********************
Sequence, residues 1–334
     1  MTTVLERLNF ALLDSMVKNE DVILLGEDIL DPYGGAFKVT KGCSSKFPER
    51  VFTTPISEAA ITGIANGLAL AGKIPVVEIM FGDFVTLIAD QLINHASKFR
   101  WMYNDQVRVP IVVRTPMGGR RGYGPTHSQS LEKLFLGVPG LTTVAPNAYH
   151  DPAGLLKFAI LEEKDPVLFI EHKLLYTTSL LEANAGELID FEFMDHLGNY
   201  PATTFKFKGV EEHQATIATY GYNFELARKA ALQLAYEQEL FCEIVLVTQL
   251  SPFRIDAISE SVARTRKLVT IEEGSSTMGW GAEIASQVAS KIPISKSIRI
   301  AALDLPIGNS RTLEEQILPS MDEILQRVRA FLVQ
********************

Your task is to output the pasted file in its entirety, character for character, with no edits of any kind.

Sequence, residues 1–334
     1  MTTVLERLNF ALLDSMVKNE DVILLGEDIL DPYGGAFKVT KGCSSKFPER
    51  VFTTPISEAA ITGIANGLAL AGKIPVVEIM FGDFVTLIAD QLINHASKFR
   101  WMYNDQVRVP IVVRTPMGGR RGYGPTHSQS LEKLFLGVPG LTTVAPNAYH
   151  DPAGLLKFAI LEEKDPVLFI EHKLLYTTSL LEANAGELID FEFMDHLGNY
   201  PATTFKFKGV EEHQATIATY GYNFELARKA ALQLAYEQEL FCEIVLVTQL
   251  SPFRIDAISE SVARTRKLVT IEEGSSTMGW GAEIASQVAS KIPISKSIRI
   301  AALDLPIGNS RTLEEQILPS MDEILQRVRA FLVQ